For many species, love is truly a battlefield. While the animal kingdom is full of diverse social structures, a pretty common one involves males tussling for access to females. For these males, being—or at least looking—physically powerful tends to be a perk: Rippling muscles can be an advertisement for future security, and a promise of robust, sexually successful offspring.
Bulking up is no easy task for any male. If there’s a lovestruck lady waiting at the end of this equation, the effort could be well worth the trouble—but attracting a mate is only half the battle. If a female mates with multiple males, for instance, individual sperm can actually compete with each other in a high-stakes race to the egg—and the road is often littered with casualties. Each male can only mount so much moxie, and allocating resources to one pursuit means sapping energy away from another. As a result, the males most competitive before sex don’t always come out ahead in the moments after. It’s a dark lesson in not judging a virile-looking book by its cover.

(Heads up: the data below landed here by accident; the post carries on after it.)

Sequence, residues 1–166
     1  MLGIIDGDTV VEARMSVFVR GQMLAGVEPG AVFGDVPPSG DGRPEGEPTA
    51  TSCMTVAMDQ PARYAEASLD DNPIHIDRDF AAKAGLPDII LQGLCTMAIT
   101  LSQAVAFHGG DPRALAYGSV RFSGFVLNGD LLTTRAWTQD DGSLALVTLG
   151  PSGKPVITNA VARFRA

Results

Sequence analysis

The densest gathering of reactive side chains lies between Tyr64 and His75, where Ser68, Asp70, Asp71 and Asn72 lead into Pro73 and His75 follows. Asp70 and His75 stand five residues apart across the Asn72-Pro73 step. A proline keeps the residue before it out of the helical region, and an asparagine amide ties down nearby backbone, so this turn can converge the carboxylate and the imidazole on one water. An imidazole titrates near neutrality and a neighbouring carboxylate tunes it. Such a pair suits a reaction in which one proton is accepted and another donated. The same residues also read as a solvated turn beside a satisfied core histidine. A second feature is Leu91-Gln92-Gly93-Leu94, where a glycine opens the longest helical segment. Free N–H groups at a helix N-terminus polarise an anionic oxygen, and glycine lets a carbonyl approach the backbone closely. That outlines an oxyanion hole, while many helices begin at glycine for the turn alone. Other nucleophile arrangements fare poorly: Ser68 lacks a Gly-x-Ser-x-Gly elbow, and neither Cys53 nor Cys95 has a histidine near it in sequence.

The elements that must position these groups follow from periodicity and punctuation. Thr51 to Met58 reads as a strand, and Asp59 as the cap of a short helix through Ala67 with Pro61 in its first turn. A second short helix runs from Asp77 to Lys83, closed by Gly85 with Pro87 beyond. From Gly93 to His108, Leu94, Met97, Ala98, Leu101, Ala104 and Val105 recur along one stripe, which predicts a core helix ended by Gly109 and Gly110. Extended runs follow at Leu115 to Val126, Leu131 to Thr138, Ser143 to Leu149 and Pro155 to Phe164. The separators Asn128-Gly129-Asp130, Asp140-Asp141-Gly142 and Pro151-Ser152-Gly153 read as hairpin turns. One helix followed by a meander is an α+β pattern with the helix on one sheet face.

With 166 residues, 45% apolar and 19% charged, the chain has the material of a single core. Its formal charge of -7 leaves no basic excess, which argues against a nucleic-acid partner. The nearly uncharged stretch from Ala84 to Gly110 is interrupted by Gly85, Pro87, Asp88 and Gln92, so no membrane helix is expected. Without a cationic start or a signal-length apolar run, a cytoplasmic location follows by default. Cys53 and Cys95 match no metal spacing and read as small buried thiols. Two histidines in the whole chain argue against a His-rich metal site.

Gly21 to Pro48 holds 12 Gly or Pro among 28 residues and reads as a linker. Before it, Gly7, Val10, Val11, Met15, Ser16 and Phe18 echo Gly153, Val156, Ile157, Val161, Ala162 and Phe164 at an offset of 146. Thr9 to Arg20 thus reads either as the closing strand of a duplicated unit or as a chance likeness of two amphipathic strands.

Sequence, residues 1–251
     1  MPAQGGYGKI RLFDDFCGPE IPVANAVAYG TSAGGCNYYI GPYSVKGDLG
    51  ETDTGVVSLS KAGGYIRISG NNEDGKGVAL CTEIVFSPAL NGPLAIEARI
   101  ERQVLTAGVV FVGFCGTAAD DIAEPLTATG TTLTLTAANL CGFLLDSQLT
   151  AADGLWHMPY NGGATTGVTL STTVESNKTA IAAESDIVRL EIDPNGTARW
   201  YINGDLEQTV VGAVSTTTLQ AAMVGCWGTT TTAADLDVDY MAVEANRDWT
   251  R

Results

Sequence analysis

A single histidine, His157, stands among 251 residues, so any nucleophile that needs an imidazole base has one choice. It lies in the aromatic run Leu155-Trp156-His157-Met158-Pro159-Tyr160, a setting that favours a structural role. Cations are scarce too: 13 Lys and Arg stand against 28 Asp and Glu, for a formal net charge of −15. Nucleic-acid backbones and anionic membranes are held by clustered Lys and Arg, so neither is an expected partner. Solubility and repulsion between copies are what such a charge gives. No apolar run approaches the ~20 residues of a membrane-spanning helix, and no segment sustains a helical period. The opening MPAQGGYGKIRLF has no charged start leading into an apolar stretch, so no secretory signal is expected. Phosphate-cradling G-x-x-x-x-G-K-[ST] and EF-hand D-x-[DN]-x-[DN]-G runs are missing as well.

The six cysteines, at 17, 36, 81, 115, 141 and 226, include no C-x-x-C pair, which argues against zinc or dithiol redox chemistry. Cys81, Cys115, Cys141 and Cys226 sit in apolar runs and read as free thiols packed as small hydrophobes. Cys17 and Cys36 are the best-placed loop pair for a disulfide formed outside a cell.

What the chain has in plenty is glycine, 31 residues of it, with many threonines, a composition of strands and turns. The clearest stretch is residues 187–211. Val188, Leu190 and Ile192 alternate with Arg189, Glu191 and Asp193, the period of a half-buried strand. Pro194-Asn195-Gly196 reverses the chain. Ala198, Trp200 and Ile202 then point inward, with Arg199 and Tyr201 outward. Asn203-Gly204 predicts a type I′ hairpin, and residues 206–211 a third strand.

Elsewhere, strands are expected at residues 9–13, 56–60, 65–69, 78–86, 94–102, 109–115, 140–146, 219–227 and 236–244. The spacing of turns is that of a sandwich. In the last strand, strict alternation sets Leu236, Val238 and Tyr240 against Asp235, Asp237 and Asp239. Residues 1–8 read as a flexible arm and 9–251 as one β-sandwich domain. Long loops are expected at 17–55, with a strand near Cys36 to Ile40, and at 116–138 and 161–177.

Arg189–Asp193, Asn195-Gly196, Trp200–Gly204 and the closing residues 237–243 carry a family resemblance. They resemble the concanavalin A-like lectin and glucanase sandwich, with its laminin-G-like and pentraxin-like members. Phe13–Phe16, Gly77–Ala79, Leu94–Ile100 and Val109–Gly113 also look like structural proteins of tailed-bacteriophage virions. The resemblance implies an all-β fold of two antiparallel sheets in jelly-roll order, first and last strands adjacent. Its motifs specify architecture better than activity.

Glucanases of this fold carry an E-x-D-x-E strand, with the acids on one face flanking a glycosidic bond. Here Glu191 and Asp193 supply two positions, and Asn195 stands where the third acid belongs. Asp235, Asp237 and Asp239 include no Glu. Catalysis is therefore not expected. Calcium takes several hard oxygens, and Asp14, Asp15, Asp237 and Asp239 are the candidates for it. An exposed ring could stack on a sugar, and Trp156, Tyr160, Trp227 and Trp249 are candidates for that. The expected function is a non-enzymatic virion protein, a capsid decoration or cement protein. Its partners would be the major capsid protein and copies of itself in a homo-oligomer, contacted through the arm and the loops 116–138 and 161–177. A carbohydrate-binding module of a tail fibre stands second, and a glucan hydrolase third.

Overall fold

Scientists have been aware of such tradeoffs in other animals for years. Certain species of beetles grow weighty horns to clash with male competitors and guard female companions—but when horn growth is stunted, their testes will swell in compensation (a common indicator of prolific sperm production). On the other hand, howler monkeys that make the loudest hoots tend to tote the tiniest testes (conversely, other howler monkeys speak softly and carry a big… well, never mind).
The counterintuitive relationship makes sense from an evolutionary perspective. If a male with physical disadvantages will have a tougher time in the fierce competition for female attention, he better make every last bit count in the few encounters he has. This gives pint-sized suitors a fighting chance of still passing on their genes.
“This can be a real advantage, depending on the environment,” says Jennifer Kotler, an evolutionary biologist who studies sexual conflict at Harvard University and did not participate in the research. “Sometimes, it’s better to be a bit smaller or weaker, but mate really well only once.”